TaxProf Blog

Editor: Paul L. Caron, Dean
Pepperdine University School of Law

Monday, August 4, 2014

L.A. Times on Tax Inversions

Los Angeles Times: Close Loopholes That Let U.S. Firms Avoid Taxes by Using Inversions, by Michael Hiltzik:

It's both endearing and infuriating to watch American corporate executives wring their hands about how the injustices of the U.S. tax code are forcing them — forcing them! — to reincorporate overseas through the procedure known as inversion.

Endearing, because one wants to sympathize with the pain felt by a homegrown CEO having to move a homegrown American company's headquarters to Ireland, Switzerland or some other foreign clime, just to remain competitive.

Infuriating, because they're so full of it. ...

Defenders of inversions say they don't really affect the American company's U.S. taxes — that's the claim made recently in the Wall Street Journal by Miles White, chairman of Abbott Laboratories, which is conniving with Mylan on its inversion deal.

But like much that's said about inversions, that's misleading, says Edward D. Kleinbard, a USC law professor whose role as a former chief of staff to the Congressional Joint Committee on Taxation certifies him as one of our leading experts on the corporate tax.

The claim that the corporate tax makes U.S. companies uncompetitive, he says, is "a complete red herring." Inversions aren't about improving competitiveness, Kleinbard observes. They're about making use of the huge cash hoards American companies have accumulated overseas. Kleinbard estimates this "stateless income" at roughly $1 trillion. It can't be spent directly in the United States without incurring a steep tax, and it's too large a sum to be profitably deployed outside the U.S.

Inversions allow companies to use these stockpiles in the U.S., at much lower cost.

Inversions also allow companies to use their overseas money as intracorporate loans to their domestic operations, charging the loan cost to their U.S. subsidiaries. This effectively pares down their U.S. domestic tax base, Kleinbard explains, which reduces their domestic taxes. Technically, the company's U.S. tax rate doesn't change, as White says. But it's applied to a smaller amount of declared income. ...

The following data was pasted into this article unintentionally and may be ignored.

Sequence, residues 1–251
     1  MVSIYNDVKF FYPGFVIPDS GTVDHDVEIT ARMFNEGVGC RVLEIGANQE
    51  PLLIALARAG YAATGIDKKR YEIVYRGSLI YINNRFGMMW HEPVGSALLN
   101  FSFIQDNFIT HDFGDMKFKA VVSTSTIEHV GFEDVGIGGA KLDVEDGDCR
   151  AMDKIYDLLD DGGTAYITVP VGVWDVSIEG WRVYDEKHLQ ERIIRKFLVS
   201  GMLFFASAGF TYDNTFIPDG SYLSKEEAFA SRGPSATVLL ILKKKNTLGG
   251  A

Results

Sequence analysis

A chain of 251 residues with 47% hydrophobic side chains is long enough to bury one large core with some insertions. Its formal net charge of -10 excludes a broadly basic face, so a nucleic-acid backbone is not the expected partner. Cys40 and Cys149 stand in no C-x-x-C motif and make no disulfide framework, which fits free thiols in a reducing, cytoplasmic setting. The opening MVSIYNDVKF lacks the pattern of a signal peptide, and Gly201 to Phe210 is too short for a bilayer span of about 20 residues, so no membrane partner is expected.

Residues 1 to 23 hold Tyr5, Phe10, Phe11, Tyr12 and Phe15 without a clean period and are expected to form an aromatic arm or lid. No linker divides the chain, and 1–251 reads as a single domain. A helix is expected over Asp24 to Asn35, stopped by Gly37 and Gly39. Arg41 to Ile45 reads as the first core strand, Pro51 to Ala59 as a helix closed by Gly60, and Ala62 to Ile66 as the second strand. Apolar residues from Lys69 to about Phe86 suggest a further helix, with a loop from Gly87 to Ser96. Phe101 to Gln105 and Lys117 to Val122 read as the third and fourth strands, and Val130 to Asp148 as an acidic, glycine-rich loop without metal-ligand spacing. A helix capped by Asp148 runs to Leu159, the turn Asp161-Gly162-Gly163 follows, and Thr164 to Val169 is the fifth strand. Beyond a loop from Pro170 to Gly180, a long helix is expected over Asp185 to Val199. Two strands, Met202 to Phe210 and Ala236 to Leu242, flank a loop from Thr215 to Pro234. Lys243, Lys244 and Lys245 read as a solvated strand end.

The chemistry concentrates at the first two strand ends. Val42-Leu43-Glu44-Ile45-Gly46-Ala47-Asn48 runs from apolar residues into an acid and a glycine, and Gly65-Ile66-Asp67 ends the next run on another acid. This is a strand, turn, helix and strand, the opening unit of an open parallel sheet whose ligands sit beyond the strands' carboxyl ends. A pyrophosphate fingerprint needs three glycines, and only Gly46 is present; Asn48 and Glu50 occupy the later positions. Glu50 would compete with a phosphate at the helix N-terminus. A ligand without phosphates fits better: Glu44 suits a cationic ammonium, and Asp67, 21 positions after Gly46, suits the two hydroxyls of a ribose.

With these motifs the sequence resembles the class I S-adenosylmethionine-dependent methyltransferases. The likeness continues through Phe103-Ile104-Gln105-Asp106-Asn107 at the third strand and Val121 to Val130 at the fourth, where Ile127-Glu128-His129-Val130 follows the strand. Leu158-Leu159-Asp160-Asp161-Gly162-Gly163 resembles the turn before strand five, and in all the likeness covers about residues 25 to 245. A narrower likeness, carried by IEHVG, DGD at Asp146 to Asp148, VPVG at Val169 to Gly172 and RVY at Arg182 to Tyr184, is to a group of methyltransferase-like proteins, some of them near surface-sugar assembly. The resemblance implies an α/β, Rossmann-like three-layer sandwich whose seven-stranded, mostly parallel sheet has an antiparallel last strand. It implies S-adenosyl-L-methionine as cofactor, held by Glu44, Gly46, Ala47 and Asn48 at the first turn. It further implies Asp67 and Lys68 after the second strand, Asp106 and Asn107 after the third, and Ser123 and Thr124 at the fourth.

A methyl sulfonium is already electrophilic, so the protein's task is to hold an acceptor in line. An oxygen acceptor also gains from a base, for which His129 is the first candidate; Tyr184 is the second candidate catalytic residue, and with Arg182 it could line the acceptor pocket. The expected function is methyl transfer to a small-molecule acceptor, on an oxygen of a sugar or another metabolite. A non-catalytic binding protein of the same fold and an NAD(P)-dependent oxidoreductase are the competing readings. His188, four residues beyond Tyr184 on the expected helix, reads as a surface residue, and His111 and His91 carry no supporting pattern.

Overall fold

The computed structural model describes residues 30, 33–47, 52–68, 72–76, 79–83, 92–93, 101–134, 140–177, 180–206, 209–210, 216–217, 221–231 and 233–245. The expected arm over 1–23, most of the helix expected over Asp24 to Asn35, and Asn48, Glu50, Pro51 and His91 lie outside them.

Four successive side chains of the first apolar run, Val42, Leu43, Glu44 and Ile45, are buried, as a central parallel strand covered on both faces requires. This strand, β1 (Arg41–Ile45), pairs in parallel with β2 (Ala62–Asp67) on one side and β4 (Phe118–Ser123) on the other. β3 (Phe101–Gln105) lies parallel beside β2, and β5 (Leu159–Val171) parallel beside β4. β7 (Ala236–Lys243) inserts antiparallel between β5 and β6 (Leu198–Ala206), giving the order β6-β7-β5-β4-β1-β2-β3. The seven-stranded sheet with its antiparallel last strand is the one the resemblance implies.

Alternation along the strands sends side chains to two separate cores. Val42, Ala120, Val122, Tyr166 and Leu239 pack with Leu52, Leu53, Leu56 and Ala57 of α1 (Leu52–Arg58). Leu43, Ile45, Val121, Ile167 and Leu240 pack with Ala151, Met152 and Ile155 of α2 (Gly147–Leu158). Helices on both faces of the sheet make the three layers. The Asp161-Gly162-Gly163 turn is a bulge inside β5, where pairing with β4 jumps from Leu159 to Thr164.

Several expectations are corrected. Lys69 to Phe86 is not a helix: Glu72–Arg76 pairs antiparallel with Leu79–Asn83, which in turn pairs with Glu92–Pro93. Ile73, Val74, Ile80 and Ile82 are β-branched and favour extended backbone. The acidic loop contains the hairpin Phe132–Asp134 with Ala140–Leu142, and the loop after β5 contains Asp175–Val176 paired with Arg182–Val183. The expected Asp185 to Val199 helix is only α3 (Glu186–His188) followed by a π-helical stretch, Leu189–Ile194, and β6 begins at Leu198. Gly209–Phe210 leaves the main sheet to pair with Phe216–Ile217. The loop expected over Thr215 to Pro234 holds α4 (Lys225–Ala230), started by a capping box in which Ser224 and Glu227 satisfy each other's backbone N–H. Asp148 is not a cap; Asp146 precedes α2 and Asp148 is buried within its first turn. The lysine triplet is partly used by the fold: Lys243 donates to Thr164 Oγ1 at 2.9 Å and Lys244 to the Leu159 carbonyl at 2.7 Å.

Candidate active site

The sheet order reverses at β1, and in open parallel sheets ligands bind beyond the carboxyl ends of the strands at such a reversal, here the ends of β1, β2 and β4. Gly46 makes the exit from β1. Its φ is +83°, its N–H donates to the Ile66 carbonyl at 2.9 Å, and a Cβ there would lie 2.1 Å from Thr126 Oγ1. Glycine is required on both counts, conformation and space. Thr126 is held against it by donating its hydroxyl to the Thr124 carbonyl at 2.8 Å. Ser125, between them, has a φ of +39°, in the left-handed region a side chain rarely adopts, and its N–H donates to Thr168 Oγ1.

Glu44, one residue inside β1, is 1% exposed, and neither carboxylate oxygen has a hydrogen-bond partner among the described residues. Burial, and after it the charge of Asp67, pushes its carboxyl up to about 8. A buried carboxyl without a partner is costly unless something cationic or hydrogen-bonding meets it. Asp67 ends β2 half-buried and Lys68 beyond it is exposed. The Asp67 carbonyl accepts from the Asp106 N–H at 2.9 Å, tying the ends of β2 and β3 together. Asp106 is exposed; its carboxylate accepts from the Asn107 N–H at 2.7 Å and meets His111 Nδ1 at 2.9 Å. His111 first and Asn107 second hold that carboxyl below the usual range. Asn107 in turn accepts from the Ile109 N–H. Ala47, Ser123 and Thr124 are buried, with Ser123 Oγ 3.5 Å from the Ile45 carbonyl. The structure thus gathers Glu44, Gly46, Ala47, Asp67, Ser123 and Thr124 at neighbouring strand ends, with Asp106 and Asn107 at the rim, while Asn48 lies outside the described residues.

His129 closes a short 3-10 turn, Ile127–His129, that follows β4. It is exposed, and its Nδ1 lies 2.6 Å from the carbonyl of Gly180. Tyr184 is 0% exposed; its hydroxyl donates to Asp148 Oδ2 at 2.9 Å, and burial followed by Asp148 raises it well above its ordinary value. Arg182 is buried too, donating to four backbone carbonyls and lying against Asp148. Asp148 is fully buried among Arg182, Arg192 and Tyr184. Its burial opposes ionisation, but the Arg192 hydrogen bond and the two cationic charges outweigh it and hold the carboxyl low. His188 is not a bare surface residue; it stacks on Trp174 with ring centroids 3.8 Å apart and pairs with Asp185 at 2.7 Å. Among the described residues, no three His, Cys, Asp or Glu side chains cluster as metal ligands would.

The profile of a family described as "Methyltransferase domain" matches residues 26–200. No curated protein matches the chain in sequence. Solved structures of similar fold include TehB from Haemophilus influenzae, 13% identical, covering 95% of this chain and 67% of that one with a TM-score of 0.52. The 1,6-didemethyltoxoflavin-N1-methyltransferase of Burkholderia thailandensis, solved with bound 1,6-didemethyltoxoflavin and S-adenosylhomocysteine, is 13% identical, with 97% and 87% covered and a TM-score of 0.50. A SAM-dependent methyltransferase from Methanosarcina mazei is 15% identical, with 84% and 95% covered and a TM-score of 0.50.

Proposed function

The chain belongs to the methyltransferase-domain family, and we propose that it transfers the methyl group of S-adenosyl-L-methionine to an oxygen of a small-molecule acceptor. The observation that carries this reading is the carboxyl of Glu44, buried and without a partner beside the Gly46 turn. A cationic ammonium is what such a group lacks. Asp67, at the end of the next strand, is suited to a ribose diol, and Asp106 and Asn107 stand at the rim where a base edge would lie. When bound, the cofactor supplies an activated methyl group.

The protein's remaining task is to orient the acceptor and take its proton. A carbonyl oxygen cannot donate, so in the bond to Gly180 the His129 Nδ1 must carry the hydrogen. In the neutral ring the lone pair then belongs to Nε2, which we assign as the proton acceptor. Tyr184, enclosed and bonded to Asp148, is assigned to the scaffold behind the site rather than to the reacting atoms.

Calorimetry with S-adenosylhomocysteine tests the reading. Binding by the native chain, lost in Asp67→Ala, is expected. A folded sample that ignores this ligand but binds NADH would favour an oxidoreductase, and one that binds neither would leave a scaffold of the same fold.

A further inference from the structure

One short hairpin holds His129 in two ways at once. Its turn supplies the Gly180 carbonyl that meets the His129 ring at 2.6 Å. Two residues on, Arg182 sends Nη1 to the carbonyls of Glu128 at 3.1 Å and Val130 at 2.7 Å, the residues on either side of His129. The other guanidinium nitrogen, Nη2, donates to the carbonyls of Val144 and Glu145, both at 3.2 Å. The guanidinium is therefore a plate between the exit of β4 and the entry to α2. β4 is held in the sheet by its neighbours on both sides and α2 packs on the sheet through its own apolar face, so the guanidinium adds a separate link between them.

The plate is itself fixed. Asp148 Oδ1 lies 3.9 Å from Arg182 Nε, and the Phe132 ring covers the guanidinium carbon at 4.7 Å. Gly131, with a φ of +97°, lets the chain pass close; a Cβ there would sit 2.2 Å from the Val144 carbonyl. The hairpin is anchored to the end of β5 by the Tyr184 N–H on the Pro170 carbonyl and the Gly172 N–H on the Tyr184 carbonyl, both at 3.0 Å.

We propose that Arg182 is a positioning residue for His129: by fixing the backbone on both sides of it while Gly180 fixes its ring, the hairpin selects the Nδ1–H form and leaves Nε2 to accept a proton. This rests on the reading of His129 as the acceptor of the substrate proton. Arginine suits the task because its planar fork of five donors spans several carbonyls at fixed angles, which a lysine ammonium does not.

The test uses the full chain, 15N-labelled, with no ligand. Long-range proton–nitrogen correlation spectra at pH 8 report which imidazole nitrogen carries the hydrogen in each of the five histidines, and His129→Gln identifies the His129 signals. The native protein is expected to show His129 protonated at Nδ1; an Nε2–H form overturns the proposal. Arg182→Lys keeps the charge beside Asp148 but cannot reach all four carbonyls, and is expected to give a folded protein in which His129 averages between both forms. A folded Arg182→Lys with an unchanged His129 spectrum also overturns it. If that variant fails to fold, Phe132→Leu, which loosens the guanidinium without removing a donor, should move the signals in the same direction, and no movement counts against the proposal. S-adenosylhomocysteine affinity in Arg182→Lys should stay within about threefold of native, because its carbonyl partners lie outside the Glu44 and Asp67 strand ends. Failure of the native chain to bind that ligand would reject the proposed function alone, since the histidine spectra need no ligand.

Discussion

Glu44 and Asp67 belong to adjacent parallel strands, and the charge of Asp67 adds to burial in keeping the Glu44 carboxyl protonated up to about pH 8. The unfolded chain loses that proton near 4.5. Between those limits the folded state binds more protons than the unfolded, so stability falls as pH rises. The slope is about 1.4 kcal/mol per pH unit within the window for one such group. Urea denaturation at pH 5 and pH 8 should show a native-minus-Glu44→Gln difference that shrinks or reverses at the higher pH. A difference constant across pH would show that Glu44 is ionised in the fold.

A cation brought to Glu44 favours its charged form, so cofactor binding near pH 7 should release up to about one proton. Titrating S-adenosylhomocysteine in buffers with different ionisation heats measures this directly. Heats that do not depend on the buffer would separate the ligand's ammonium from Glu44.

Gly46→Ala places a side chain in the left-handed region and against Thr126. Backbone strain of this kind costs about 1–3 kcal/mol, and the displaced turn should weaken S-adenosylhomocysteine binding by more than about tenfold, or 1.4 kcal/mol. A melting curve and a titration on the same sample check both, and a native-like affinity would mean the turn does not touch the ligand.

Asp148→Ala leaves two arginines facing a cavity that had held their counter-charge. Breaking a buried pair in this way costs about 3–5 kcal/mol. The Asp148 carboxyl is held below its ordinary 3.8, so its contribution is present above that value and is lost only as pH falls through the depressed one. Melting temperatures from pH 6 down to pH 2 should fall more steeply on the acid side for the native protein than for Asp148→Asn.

Kleinbard proposes a three-pronged approach. First is to close a loophole allowing an American firm to declare itself foreign-owned if at least 20% of its post-merger shareholders are foreign. The threshold should be 50%, which would require inversions to be genuine foreign acquisitions. This would put the kibosh on many, if not most, pending deals. This change has been proposed by the Obama administration and introduced in Congress by Rep. Sander M. Levin (D-Mich.).

Kleinbard also advocates tightening up rules against earnings-stripping, largely by lowering the limit on how heavily a company can saddle its U.S. operations with debt. Finally, he suggests ending "hopscotch" maneuvers, through which an inverted company bypasses U.S. tax rules by advancing its offshore cash stockpile directly to the new foreign company.

The appeal to corporate morality is eye-catching enough. But rhetoric like this has limited effectiveness. The proper way to deal with corporate immorality is to wipe it out through the law. "There is a breach of moral obligation and fiduciary duty here," Kleinbard says. "The moral failing is the refusal of Congress to do the most fundamental kind of loophole-closing."

In other words, the most effective comeback to "it's legal" is this: "It was legal. But not anymore."

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It would help if some of these reporters knew anything about tax before writing.
1. An inversion would not reduce tax on US sourced income (income earned within the US.)
2. The US tax rate is effectively 40% when you include state income tax. Only Canada, Japan and Switzerland have state equivalents and their rates are usually blended into the total tax reported.
3. There already are two interest stripping limitations on the books – IRC sections 163(j) and 267.
4. How can the author say what the effective rate of tax is in various countries? I have seen that asserted but it is hard to imagine how it is calculated since much of the data would be private.
When a US company repatriates funds it pays approximately 40%. When, say, Nestle brings home the bacon, it pays in the low 20s. So the average foreign multinational keeps 1/3rd more after tax cash than a US multi. I know math is hard but let’s say the foreign multi has 40% US profits and 60% rest of the world. This would produce after-tax cash of $71 vs. $60 for the US (assuming they bring all the profit home)– or the foreigner keeps an extra 18% of every dollar of profit to invest, expand or pay to shareholders. Doesn’t this seem like being non-US is a big advantage?

Posted by: air65cav | Aug 4, 2014 9:07:09 AM